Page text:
Arnold Schwarzenegger Had To Get Used to Some Major Changes From His Action Hero Glory Days on ‘FUBAR’
Cr. Christos Kalohoridis/Netflix © 2023
At the height of his 1980s and 90s popularity, Arnold Schwarzenegger fully embodied action cinema with a string of awesome blockbusters leveraging his charisma and colossal physique. These days, he’s slightly stepped back from the limelight, but is now making a big comeback in Netflix’s FUBAR.
This action comedy series sees Schwarzenegger playing a CIA agent whose retirement plans are thrown into a spin when he discovers his daughter is secretly a spy. It’s got shades of True Lies, and we’re happy to see Arnold back in action, even if some things have changed since his action heyday.
For one, back in the day, his movies used real guns modified to shoot blanks. Nowadays, particularly after the Rust tragedy, it’s more common to use replica rubber guns and add muzzle-flash with CGI. In an interview with Yahoo! Schwarzenegger explained that FUBAR used a combination of the two, using real guns for close-up shots:
“We used make-believe guns when there were stunts involved where people got hit with the gun or if we were far enough away from each other. We used the whole gamut of different guns, because with close-ups you can tell the real stuff from the fake stuff.”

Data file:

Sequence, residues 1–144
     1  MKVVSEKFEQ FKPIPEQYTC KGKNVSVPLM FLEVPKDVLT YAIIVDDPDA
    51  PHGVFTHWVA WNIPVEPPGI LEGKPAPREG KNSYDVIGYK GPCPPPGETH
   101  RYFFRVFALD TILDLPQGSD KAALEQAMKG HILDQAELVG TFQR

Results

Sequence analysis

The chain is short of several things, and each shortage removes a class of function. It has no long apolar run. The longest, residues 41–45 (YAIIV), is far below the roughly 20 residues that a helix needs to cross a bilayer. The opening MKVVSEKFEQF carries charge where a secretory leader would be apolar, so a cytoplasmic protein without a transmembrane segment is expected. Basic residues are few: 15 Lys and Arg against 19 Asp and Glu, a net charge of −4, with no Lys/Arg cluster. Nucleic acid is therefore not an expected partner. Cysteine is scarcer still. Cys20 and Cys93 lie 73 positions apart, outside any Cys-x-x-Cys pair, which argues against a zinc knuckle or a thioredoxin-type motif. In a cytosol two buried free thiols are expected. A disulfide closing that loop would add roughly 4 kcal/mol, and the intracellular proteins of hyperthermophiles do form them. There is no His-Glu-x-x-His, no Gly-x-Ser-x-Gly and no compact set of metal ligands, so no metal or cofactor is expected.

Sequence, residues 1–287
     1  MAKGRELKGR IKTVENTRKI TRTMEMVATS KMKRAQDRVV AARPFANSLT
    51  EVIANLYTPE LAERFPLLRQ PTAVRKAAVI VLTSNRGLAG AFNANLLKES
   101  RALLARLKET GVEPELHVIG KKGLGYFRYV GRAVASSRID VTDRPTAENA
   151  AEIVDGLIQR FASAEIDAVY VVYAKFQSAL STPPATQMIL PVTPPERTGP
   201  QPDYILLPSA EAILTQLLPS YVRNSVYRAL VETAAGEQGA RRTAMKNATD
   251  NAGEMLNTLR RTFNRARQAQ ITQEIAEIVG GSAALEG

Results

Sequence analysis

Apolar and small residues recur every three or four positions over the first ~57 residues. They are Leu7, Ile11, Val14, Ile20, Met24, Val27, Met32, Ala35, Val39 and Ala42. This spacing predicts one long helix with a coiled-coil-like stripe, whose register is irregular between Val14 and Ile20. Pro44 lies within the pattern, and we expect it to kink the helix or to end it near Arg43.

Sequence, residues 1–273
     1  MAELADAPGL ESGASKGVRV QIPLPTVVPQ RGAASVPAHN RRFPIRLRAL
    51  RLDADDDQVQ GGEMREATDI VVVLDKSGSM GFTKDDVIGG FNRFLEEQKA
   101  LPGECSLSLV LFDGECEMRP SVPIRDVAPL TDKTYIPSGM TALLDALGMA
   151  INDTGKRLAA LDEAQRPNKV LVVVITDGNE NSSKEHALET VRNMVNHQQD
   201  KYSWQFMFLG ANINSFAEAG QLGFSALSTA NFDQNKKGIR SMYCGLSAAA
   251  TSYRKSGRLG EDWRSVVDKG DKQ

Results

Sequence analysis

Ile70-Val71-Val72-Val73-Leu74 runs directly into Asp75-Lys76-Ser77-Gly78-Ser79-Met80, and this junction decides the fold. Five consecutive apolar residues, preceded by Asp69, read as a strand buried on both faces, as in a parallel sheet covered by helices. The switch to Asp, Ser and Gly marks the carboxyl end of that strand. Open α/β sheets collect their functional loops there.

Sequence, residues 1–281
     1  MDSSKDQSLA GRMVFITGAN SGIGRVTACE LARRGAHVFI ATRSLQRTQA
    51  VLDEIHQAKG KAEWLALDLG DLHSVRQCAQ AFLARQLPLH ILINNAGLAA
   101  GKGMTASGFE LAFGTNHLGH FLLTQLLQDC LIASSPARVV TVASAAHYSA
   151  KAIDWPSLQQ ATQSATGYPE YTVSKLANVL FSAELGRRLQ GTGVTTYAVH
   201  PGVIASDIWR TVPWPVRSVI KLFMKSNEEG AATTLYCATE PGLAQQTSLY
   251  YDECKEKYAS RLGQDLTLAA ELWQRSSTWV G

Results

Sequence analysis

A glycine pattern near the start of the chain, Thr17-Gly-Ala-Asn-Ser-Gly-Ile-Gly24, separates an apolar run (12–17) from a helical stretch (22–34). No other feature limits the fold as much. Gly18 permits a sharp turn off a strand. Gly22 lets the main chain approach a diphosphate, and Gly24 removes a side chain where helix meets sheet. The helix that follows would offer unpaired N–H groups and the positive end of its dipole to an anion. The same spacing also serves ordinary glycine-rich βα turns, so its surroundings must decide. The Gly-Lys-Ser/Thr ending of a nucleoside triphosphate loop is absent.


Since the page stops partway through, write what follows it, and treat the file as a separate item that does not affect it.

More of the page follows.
FUBAR co-star Gabriel Luna had nothing but praise for working with the action legend, hinting that we’re about to get a big Terminator 2: Judgement Day reference in the show:
“By the end of the shoot, he’s walking in with a shotgun having pulled it out of a package of roses and is blasting it off. I’m looking at him do this, and he’s not blinking at all. I was just like, ‘This guy’s obviously done this before.’”
But as for whether super-strict gun safety on set is really necessary, Schwarzenegger doesn’t mince his words:
“It’s all nonsense. The fact of the matter is that there were always safety precautions in place. But you can have all the laws and all the regulations in place, and if people don’t follow them you have nothing. When you’re dealing with cars or with weapons, you can get killed if you make a mistake. If you do stunt driving, you have to be very careful and you have to rehearse it and everyone has to play by the rules.
“That’s exactly what we did on True Lies and we do the same thing on FUBAR. Every single day where we used weapons, they were shown to us. What was inside the barrel, what kind of ammunition was in there and what the magazine looked like. Over and over — it was absolutely like a school. And we didn’t come close to an accident or anything like that.”
Whether there’ll ever be a blanket ban on using real firearms on TV and movie sets remains to be seen, particularly as we don’t yet have all the answers on exactly what went down on Rust. That said, FUBAR seems to have done it right, with the on-set armorer clearly doing their job professionally and to very high standards.
FUBAR is now available to stream on Netflix.
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